Tuesday, November 22, 2011
Larry Vuckovich, Somethin' Special: Hard Bop, NuOldBeBop and Old Thing Done Right
Here in the waning days of 2011 it strikes me that one of the hardest things to do right is what many jazz musicians are attempting today, to play in an older, more traditional style in a way that not only rings true, but also rings good, that's worth hearing.
Larry Vuckovich's Somethin' Special (Tetrachord Music 686) does that, all of that. He picked the right guys for this: tenor reconstructionist Scott Hamilton, a man who recrafts classic styles like no one else and so consistently so; Noel Jewkes on soprano and tenor, a player I'll admit I have not heard since Jerry Hahn's old Arhoolie album from the '60s, still sounding great; rhythm teammates Paul Keller on bass and Chuck McPherson, drums, with the right notes, the right sound, the right leverage. Then of course Larry himself, playing a fully ten-digit piano with the harmonic flourish and the soulful right hand. Mix nine jazz and songbook standards with a couple of Vuckovich originals and...presto, an album that sounds good coming out of the gate, at the finish line and on the hairpin turns in between.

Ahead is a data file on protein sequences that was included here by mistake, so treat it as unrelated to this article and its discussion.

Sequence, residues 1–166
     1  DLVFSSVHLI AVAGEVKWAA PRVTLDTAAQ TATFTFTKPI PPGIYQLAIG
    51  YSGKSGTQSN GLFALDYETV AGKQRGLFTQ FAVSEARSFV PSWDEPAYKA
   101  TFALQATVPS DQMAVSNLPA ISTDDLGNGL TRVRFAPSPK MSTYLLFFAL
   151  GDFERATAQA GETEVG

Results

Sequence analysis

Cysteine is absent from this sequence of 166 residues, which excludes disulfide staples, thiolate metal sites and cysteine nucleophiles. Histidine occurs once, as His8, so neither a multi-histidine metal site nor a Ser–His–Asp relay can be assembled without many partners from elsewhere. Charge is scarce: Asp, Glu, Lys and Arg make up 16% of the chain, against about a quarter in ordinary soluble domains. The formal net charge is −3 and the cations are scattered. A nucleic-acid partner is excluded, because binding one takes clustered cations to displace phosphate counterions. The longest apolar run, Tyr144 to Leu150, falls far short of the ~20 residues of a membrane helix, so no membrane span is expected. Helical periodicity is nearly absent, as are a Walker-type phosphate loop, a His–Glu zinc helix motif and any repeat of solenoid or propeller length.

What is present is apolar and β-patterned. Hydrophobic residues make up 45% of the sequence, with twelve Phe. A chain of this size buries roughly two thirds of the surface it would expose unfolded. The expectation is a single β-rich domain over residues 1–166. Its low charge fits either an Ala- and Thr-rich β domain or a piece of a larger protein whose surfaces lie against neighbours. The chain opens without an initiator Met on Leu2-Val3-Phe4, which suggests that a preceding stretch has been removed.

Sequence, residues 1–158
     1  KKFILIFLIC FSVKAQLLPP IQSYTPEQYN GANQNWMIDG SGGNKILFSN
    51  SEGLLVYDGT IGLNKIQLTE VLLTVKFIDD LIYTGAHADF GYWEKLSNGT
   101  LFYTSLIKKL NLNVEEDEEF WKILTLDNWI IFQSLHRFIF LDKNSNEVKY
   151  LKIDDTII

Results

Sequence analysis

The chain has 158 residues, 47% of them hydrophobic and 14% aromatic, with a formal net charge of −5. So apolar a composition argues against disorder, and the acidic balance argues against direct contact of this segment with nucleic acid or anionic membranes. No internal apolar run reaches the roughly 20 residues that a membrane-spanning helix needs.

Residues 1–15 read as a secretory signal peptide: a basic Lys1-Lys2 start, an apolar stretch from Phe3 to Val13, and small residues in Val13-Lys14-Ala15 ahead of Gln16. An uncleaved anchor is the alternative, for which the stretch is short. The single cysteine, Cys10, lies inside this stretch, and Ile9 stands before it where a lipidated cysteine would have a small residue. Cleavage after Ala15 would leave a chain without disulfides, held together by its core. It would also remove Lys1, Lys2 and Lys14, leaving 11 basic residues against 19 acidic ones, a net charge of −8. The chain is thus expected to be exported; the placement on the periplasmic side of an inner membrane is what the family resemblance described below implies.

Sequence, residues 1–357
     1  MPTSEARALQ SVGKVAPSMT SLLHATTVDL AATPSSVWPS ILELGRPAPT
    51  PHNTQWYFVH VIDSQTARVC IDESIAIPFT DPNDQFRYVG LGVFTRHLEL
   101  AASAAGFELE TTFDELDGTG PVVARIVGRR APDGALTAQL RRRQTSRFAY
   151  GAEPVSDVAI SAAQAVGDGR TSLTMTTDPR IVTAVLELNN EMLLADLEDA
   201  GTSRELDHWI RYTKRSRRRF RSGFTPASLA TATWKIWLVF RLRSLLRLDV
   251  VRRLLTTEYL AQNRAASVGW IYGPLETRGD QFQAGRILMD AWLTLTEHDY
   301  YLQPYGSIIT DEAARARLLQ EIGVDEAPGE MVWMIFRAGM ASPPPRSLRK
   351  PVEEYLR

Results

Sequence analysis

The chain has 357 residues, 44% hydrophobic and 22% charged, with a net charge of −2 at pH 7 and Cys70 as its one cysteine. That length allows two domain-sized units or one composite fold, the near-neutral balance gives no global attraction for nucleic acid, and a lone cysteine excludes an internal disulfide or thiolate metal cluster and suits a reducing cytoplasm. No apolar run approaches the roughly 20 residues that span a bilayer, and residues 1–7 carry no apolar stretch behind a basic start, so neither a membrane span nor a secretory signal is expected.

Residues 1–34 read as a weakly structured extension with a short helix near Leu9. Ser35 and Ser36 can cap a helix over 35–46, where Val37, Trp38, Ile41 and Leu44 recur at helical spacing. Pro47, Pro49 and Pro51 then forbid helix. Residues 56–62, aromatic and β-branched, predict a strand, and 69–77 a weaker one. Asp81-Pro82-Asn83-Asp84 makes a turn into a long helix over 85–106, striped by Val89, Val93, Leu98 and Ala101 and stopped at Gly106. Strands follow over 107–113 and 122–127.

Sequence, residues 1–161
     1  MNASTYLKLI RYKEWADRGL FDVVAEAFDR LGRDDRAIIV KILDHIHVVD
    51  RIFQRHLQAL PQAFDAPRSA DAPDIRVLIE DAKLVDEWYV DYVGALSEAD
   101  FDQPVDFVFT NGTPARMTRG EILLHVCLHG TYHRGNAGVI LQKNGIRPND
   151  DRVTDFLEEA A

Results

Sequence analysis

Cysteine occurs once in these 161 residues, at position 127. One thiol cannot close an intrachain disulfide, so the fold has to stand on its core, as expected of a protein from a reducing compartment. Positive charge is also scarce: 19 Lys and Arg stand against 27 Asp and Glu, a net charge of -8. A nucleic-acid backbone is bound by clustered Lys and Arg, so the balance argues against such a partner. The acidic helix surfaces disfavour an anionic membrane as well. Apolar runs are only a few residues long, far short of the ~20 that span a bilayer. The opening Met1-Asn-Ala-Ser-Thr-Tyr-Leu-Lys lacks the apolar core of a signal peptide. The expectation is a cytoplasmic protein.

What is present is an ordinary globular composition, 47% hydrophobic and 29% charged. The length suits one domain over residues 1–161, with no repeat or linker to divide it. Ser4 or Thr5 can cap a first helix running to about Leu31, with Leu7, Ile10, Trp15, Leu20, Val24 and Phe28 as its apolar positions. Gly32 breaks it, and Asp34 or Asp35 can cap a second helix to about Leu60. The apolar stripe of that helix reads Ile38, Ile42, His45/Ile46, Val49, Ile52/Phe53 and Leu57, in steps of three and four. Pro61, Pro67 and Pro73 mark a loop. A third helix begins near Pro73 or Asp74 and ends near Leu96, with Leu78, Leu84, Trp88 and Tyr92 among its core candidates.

Why is it so is hard to pinpoint exactly? Maybe it isn't in the end. Learning the right notes to play does not mean that you can do a credible job working in this style. The masters of hard and be did more than string notes together, of course. They cultivated a sound, something you cannot notate with any precision. And they played (swung) in a style that also involved infinitely gradatable points of attack, again which cannot be set down with any easily read accuracy onto music paper. It's something you feel, intuit, bring out in your playing. And they are doing it here.
Scott Hamilton makes a great example because he channels a tenor sound steeped in the nuances of past masters and has impeccable timing. By now it's hard to say, like a Romper Room session with the Magic Mirror, "I hear Hawk, and I hear Lester, oh, and there's Arnette Cobb and Lockjaw Davis, Ben Webster..." and so on. Because he's internalized it all and made it his own. Larry V. is his own man too, incorporating all the nuances and subtleties of the style without copping licks.
Hey, this is a good one. It is. Listen to it a couple times and you'll see!